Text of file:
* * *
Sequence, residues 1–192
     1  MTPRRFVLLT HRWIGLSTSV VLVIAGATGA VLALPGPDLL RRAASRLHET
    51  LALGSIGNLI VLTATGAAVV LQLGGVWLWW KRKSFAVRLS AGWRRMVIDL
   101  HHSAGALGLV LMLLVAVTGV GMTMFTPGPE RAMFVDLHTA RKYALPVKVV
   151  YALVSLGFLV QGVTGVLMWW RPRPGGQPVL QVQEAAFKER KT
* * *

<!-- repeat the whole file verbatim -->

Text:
Sequence, residues 1–192
     1  MTPRRFVLLT HRWIGLSTSV VLVIAGATGA VLALPGPDLL RRAASRLHET
    51  LALGSIGNLI VLTATGAAVV LQLGGVWLWW KRKSFAVRLS AGWRRMVIDL
   101  HHSAGALGLV LMLLVAVTGV GMTMFTPGPE RAMFVDLHTA RKYALPVKVV
   151  YALVSLGFLV QGVTGVLMWW RPRPGGQPVL QVQEAAFKER KT